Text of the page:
To highlight the recipe changes, Stouffer’s is planning a major marketing push across television, on-line and print media.

The messaging? “It’s what’s on the inside that counts.”
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By Shanail Mixon 1/18/2018 3:23:36 PM
But most importantly you guys should have never changed the ingredients in the lasagna and do not taste the same it don't have the same flavor and it don't have enough cheese that's my opinion and I hate it I grew up eating a lasagna when I was a little girl I used to be so good and they had a lot of cheese down the sauce with no flavor so whatever you guys take out are you guys going to put it back I miss the way used to take so all the cheese that he used to have barely have meat??????

By Nick 2/12/2017 6:30:43 PM
Very upset today is 02/12/17 I was enjoying my lasagna dinner I bit into some meat sauce and chipped my tooth on a small stone the worst and have not heard from anyone

By ParkerLansing@aol.com 10/4/2016 5:59:17 AM
Stouffer's dinners sure don't taste like they were made with anything in my cupboard. If so, I need to clean house and toss those items. Stouffer's used to be such a good brand. Now, I can't even eat them because most taste awful. And I do mean AWFUL! Soon after they changed their packaging, I stopped buying. Must have been the same time they cheapened their recipes. If it weren't so sad, it would be kind of funny how they are trying to put a good spin on why they did it. Sorry, I'm not buying their excuse or their products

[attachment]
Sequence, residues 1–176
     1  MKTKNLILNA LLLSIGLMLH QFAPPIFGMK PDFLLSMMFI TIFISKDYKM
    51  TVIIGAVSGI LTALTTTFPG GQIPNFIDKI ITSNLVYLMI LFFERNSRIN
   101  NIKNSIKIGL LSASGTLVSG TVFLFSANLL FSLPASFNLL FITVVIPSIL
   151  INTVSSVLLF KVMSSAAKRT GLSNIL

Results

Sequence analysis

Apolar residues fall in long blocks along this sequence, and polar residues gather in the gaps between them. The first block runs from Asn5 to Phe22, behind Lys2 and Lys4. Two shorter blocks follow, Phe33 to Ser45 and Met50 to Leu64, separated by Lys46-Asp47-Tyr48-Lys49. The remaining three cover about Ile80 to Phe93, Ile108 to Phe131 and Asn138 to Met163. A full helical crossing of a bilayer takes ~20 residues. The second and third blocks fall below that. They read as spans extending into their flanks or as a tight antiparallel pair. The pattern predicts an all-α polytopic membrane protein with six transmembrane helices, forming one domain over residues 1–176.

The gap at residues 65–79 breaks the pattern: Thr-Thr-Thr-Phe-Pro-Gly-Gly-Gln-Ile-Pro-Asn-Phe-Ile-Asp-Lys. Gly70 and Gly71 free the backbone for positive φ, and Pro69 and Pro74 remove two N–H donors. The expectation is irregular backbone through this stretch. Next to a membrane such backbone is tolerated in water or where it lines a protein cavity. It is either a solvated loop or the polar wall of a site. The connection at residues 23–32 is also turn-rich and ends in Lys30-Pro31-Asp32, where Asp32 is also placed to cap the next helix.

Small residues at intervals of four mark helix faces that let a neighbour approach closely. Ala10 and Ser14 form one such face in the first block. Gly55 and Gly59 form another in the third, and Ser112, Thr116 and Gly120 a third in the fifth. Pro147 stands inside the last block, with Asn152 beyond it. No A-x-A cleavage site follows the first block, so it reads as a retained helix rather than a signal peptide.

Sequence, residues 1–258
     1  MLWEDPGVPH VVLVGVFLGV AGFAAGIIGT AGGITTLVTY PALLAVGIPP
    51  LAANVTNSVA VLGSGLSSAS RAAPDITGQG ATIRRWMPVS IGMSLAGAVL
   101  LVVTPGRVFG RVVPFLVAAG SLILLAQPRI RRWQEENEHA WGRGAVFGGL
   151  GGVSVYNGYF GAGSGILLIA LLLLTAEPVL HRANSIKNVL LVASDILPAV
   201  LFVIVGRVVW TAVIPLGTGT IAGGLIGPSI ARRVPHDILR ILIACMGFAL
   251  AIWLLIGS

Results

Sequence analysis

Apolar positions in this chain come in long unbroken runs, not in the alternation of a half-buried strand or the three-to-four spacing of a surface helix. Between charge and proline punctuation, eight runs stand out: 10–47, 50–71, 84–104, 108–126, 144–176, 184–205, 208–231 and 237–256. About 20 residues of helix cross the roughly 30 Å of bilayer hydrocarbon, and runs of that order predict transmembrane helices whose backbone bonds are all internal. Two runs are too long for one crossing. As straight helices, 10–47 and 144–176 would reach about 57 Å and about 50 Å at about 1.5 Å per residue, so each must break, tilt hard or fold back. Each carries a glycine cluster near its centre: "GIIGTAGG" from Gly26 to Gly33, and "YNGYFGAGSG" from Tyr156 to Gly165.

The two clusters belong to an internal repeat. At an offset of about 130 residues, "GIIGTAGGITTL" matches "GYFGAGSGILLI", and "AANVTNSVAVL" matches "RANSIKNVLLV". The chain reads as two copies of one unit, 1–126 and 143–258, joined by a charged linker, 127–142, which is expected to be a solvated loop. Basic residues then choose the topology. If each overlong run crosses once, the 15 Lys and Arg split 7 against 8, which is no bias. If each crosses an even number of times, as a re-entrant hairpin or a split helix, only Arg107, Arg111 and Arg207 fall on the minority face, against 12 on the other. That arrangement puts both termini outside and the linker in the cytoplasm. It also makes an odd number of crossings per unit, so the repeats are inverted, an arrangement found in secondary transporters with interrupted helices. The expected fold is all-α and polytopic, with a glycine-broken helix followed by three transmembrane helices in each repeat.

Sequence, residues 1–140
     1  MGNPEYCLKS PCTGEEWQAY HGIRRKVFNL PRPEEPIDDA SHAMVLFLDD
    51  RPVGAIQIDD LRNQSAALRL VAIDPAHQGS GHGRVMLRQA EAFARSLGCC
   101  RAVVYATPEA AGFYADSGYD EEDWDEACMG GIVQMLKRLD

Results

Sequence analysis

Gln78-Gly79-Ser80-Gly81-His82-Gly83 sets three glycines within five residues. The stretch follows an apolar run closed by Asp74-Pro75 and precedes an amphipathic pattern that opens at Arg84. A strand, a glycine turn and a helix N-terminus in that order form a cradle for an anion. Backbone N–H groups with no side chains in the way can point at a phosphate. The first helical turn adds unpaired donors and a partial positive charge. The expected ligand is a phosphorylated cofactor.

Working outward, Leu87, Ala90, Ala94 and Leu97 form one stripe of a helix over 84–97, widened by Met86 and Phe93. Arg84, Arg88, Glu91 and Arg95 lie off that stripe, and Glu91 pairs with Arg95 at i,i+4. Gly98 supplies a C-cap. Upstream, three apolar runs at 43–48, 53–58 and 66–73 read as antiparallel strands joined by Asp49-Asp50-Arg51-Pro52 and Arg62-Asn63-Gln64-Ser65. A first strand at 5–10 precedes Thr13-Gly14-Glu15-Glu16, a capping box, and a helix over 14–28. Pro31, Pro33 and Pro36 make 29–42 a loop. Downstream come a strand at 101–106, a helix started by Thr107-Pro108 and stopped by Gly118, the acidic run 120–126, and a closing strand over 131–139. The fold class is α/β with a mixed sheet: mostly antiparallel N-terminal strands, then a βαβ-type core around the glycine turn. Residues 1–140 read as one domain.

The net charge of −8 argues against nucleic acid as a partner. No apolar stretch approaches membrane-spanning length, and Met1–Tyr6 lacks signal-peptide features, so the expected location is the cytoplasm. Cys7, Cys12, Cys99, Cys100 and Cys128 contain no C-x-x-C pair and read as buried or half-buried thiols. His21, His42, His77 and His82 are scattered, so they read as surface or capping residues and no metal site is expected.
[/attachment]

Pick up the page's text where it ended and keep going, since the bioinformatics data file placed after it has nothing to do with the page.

By Jacquelyn White 9/21/2016 9:28:12 PM
So glad that you shared this article with us, the consumer/public. I've enjoyed your products for many years and look forward to enjoying them for many more.

By Careful Dad 9/9/2016 10:39:52 AM
Modified corn starch and hopped up soy sauce? So the label has been "cleaned" but the results are the same. Those who are sensitive will still be impacted. When my kids eat food with these ingredients they get headaches and then throw up. If you produce food with these ingredients sell more of your stock options sooner rather than later as the public is getting more and more aware. Parents won't be fooled for very long when they feed a kid some of your food and the kid pukes 45 min later. Nice try!